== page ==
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Generator Safety

Portable generators are useful when temporary or remote electric power is needed, but they also can be hazardous. The primary hazards to avoid when using a generator are carbon monoxide (CO) poisoning from the toxic engine exhaust, electric shock or electrocution, and fire.

NEVER use a generator in enclosed or partially-enclosed spaces. Generators can produce high levels of carbon monoxide very quickly. When you use a portable generator, remember that you cannot smell or see carbon monoxide.

Even if you can’t smell exhaust fumes, you may still be exposed to carbon monoxide. If you start to feel sick, dizzy, or weak while using a generator, get to fresh air right away! The carbon monoxide from generators can rapidly lead to full incapacitation and death. Do not delay.

If you experience serious symptoms, get medical attention immediately. Inform the medical staff that carbon monoxide poisoning is suspected. If you experienced symptoms while indoors, have someone call the fire department to determine when it is safe to re-enter the building.

Generator Safety

Safety tips to protect against shock and electrocution when using a portable generator

  • NEVER try to power the house wiring by plugging the generator into a wall outlet, a practice known as “backfeeding.” This is an extremely dangerous practice that presents an electrocution risk to utility workers and neighbors served by the same utility transformer. It also bypasses some of the built-in household circuit protection devices.
  • Keep the generator dry and do not use in rain or wet conditions. To protect from moisture, operate it on a dry surface under an open, canopy-like structure. Dry your hands if wet before touching the generator.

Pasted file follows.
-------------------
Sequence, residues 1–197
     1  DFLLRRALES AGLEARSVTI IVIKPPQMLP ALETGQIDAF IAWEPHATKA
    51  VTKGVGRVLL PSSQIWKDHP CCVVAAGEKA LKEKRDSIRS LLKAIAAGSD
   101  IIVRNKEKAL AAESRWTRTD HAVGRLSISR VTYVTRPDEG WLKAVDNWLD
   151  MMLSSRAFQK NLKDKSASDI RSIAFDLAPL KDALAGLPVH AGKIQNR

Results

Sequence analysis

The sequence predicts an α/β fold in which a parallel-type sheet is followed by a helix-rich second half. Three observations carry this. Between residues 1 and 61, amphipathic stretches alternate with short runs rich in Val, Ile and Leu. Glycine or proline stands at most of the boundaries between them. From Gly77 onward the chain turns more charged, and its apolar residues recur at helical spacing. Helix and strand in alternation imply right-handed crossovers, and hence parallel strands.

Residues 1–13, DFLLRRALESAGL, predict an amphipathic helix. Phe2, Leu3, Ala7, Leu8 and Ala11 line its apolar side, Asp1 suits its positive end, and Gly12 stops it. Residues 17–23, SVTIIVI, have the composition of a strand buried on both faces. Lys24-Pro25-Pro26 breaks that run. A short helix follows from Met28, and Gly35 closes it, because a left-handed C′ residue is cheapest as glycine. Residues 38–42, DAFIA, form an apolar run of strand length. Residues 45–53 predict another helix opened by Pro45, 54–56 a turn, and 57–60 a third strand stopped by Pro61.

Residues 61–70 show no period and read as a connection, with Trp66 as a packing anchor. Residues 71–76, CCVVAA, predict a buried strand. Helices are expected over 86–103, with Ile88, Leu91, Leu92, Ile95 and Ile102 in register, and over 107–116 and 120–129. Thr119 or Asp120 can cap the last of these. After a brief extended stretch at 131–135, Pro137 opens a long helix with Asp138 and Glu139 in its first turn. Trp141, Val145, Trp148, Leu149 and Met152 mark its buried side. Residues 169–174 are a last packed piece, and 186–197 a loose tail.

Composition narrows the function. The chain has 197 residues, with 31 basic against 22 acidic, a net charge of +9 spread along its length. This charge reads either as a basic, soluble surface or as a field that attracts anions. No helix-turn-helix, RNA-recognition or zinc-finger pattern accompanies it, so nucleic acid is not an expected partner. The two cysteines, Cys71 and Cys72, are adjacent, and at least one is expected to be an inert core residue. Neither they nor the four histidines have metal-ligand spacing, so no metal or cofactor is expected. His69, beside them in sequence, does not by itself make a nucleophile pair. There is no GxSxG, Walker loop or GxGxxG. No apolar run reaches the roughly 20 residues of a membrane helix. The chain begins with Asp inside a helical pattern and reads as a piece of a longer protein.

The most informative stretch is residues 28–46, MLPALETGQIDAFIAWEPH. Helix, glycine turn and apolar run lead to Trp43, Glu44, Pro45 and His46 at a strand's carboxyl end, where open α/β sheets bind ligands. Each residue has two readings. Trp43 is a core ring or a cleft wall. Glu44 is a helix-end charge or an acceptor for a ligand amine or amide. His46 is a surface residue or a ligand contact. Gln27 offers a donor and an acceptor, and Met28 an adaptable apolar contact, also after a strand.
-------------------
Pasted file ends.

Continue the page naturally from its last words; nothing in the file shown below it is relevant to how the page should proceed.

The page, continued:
• Plug appliances directly into the generator. Or, use a heavy duty, outdoor-rated extension cord that is rated (in watts or amps) at least equal to the sum of the connected appliance loads. Check that the entire cord is free of cuts or tears and that the plug has all three prongs, especially a grounding pin.
  • If you must connect the generator to the house wiring to power appliances, have a qualified electrician install the appropriate equipment in accordance with local electrical codes.
  • For power outages, permanently installed stationary generators are better suited for providing backup power to the home. Even a properly connected portable generator can become overloaded. This may result in overheating or stressing the generator components, possibly leading to a generator failure.
  • Good safe work practices include making sure that electrical devices are turned off before you connect them to a generator or generator-powered circuit. Once the generator is running, switch devices on one by one. Shut them down again before switching back to your utility service.
  • Read and follow the manufacturer’s technical information carefully to ensure your generator won’t be overwhelmed by start-up power needs or the total running load of the appliances or other uses you attach to it. In addition, if you plan to hook up larger appliances like ranges, well pumps, or dryers be sure your generator is rated for 240-volt as well as 120-volt loads.
  • Be sure to inspect and maintain your generator regularly. Keeping fresh gas in the tank and running the generator for a while periodically helps ensure it will be ready when you need it.